Cosplay Project – Legend of Zelda’s young Link
This post has taken me ages to write and get out. Gathering photos and writing about the build was not as easy and I thought it would be. I may even add to it in the future. If you have any questions please feel free to ask them in the comments section.
This costume build was for my son, Michael, age 12. It took me about 6 months. Much planning, looking at images and sourcing materials went into this project. I made it for his first ever ComicCon experience, the VAcomicon in Richmond Virginia this past August. He became instantly transformed into an outgoing, engaging, conversational young man while at this convention dressed as one of his favorite video game characters. It was so much fun and I can’t wait to make our next costume together.
Looking back on this project I am surprised I was able to pull it off. I know how to sew, so making the green tunic and hat were not a concern for me. It was the props that had me worried. I am not one to do things half way. Although I do try to do things within a reasonable budget. I also want the costume to look authentic, realistic, as well as be comfortable for the wearer. This has been my focus for costumes I have made for my kids all their lives. But that is another blog post.
I did a lot of research on how to make the Kokiri Sword, Hero Shield and scabbard for young Link as seen in The Legend Of Zelda Majora’s Mask.
I had no clue how to make the Sword, shield and scabbard. I researched online and watched YouTube videos and settled upon the method taught by YouTuber Happy Atom. His tutorial on making the props out of wood inspired me and I set my sights on my first experience with woodworking. It was not easy, it was a labor of love, but I did it. This geeky mom did it! The props are something my son can keep forever, as a memory, long after he outgrows the costume.
Hero’s Shield – I did not get a lot of photos of the Hero’s Shield build. I wish I had. It was the hardest part of the project. I routered out the inside of the shield. I then made wood shapes for all the decorative elements and glued them to the shield. After a primer base coat of silver metallic spray paint, all the other elements were hand painted. I then put several clear coats to protect it. The back has a piece of an old belt and a cabinet pull from the hardware store for the handle. The methods for attaching these can vary. I wanted to have as little damage to the front when drilling screws into the back.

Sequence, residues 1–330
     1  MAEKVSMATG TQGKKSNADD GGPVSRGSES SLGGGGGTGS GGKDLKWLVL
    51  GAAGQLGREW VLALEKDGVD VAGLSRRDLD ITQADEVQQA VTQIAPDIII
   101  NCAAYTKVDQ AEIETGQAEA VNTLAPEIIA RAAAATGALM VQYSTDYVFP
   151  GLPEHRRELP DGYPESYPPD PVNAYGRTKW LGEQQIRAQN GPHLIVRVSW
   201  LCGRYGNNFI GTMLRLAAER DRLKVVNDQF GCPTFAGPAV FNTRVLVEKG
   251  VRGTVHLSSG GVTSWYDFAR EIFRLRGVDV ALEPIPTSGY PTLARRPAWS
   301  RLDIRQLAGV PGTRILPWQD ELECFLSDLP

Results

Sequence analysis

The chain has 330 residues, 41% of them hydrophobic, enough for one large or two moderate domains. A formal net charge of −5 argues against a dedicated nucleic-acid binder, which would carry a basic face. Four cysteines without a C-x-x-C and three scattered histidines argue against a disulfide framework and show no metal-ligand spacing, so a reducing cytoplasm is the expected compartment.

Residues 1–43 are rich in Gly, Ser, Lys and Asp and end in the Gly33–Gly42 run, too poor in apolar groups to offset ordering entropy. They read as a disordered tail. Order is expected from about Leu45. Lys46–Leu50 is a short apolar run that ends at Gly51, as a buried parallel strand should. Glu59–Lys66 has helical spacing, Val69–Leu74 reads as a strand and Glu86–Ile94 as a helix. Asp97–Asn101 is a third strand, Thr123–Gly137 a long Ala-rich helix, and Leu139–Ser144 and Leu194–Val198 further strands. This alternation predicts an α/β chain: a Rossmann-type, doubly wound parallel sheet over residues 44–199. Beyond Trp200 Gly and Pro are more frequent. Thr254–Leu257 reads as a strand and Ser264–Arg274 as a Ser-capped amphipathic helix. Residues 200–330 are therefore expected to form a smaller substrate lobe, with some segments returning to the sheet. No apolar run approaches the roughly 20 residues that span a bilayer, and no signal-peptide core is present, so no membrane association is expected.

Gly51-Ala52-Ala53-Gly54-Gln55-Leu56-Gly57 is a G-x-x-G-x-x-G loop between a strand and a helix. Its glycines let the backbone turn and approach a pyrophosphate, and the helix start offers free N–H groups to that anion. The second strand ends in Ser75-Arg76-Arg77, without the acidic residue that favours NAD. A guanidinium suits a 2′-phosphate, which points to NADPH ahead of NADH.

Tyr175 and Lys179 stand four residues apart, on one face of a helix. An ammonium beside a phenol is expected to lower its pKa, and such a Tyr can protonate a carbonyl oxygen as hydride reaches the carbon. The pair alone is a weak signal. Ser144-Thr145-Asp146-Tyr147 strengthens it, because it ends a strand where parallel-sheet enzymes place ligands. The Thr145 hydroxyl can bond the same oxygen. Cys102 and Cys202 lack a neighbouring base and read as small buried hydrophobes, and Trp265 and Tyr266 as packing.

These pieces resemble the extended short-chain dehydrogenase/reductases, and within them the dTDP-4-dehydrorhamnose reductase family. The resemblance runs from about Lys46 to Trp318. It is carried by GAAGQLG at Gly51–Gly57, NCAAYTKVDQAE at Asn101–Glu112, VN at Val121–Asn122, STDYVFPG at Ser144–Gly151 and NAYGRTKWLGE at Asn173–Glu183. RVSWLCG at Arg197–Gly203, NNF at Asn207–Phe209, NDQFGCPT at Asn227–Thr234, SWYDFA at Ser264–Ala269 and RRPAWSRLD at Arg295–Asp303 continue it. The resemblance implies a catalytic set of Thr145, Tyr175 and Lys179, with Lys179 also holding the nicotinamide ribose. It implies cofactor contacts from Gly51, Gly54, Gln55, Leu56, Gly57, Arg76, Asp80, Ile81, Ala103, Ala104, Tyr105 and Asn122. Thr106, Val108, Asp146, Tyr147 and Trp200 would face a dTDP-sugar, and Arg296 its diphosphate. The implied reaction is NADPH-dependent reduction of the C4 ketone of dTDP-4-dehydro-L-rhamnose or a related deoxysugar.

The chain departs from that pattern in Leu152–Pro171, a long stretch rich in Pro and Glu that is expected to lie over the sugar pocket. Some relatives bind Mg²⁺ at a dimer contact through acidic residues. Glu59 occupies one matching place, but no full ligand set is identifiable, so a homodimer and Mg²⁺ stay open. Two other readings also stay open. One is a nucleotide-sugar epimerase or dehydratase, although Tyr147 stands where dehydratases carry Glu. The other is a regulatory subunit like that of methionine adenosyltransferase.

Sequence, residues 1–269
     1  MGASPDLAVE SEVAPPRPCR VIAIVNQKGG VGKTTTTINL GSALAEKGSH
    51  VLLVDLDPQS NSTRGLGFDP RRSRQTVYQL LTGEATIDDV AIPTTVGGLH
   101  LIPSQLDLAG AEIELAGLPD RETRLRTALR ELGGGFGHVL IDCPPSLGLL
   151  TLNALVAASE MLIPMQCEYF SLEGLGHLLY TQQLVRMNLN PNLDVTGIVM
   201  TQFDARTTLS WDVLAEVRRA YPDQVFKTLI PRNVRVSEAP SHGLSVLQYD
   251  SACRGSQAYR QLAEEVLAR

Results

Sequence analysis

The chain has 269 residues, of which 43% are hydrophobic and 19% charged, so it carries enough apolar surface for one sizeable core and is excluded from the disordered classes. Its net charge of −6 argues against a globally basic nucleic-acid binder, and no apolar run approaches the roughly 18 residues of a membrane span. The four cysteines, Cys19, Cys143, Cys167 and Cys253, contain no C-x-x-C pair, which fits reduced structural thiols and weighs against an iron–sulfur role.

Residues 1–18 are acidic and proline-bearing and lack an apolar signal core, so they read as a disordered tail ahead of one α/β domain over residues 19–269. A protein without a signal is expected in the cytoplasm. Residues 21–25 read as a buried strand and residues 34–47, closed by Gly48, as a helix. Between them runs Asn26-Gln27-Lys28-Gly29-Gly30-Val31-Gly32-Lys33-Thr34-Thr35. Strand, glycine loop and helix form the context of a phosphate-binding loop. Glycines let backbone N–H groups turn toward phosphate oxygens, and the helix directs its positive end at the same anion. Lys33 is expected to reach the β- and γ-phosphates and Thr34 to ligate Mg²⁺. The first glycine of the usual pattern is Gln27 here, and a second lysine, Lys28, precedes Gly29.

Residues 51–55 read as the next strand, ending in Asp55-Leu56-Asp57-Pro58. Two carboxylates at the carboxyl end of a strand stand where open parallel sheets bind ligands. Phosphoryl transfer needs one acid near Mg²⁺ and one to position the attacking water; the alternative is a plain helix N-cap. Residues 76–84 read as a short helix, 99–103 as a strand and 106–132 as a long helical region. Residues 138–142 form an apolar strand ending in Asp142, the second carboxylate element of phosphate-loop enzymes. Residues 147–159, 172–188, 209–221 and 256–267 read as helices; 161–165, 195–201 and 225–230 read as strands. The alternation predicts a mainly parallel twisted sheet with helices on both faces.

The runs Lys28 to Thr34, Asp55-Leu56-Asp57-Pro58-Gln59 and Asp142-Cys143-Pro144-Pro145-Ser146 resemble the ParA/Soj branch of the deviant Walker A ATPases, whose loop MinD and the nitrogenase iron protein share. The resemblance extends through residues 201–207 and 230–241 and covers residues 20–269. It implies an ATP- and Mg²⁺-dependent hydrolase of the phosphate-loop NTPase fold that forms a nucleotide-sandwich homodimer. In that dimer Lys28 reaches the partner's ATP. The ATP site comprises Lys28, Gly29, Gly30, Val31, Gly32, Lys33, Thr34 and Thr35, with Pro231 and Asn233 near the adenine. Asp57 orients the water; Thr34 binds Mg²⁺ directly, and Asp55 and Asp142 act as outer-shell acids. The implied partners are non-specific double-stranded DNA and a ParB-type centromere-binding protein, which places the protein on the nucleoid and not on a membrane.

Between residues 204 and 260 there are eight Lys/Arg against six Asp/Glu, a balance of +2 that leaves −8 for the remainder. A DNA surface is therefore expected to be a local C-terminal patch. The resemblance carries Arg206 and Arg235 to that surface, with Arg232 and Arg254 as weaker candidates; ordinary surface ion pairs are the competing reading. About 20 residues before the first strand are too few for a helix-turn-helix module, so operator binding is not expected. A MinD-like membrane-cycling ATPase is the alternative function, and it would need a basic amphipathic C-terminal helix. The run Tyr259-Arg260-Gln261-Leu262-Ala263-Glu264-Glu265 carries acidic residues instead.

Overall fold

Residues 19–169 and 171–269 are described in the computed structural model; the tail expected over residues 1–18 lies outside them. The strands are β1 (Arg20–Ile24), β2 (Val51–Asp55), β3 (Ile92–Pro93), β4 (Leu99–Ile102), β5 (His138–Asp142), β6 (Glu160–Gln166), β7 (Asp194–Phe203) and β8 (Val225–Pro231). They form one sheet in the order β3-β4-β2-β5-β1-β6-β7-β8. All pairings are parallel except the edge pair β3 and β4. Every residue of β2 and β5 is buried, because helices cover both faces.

Kokiri Sword – Wood glue, belt sander and lots of patience and time. I made the sword before I did the shield. The bolts in the crossguard are actually old bold screws I found in my husband workshop. The were coppery looking and aged and perfect. I drilled holes into the wood the same diameter as the bolts and glued the bolts into the wood. Wood glue was my best friend in the project. There was a lot of gluing, clamping and then waiting till the next day to do the next step. I had to keep working on it a little each day in order to complete it in time for the convention. After sanding and shaping the sword, I had to create the blue jewel looking pommel. The base is made from blocks of wood glued together. I ended up using a UV patching putty to create the smooth hard surface. It looks so cool painted with a sparkling blue spray paint used for cars. The grip is finished off with a strip of scrap white leather I purchased online. I used contact cement to keep the leather affixed. After my son played with the sword a few time the leather got a used look about it and is adding to the character of the prop.
Scabbard and the rest – I had the green fabric sitting around for years. It is a polyester I think, with a crinkle to it. I sewed a basic tunic and found a collar pattern online. The hat is made slightly stiff with light weight interfacing. I also stuffed a couple grocery bags into it to give it video game body. I attached a hair comb to the inside of the hat to make sure it stays secure to the wig while on his head. The flaps were added to the thrift store boots with contact cement. Only work with this in a well-ventilated area with a mask on. It is strong stuff! The gold areas at the top and bottom of the scabbard are scrap fabric. I attached them with contact cement. After they were dry I painted them gold. His ears were purchased with the wig as a set. It took some getting used to to find the right amount of spirit gum to make them stay on his ears. Having the wig and the ears on were itchy at first, but he sucked it up and transformed into Zelda’s young link.
Next we make some masks! Oh Joy!
Below are some photos of the build process. Click on each to see full size.
Link plays the Ocarina at a ComicCon in Tanglewood mall in Roanoke Virginia